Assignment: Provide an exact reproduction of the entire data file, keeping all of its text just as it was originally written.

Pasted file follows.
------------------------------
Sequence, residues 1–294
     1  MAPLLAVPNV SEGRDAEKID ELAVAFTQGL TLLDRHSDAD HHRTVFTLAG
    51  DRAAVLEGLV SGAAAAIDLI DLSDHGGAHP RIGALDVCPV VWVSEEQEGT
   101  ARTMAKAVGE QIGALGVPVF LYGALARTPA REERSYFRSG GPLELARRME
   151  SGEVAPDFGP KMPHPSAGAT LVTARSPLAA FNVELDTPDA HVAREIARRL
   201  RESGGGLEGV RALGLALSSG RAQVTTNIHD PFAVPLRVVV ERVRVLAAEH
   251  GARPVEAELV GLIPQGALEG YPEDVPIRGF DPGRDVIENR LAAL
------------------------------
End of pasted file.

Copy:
Sequence, residues 1–294
     1  MAPLLAVPNV SEGRDAEKID ELAVAFTQGL TLLDRHSDAD HHRTVFTLAG
    51  DRAAVLEGLV SGAAAAIDLI DLSDHGGAHP RIGALDVCPV VWVSEEQEGT
   101  ARTMAKAVGE QIGALGVPVF LYGALARTPA REERSYFRSG GPLELARRME
   151  SGEVAPDFGP KMPHPSAGAT LVTARSPLAA FNVELDTPDA HVAREIARRL
   201  RESGGGLEGV RALGLALSSG RAQVTTNIHD PFAVPLRVVV ERVRVLAAEH
   251  GARPVEAELV GLIPQGALEG YPEDVPIRGF DPGRDVIENR LAAL